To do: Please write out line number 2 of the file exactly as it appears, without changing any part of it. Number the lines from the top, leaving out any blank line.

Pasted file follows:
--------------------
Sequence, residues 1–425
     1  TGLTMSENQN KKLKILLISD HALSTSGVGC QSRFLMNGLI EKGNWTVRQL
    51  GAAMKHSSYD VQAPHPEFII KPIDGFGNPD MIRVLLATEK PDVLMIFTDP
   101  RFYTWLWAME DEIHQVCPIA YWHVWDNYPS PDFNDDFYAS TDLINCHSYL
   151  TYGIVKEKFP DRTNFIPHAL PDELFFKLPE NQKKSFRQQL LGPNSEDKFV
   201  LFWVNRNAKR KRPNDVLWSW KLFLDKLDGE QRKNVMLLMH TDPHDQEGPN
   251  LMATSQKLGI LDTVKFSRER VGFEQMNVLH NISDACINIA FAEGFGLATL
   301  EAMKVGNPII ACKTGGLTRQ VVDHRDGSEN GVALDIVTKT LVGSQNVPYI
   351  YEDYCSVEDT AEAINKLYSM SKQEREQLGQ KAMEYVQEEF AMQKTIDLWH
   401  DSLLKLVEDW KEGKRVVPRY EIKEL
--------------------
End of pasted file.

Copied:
     1  TGLTMSENQN KKLKILLISD HALSTSGVGC QSRFLMNGLI EKGNWTVRQL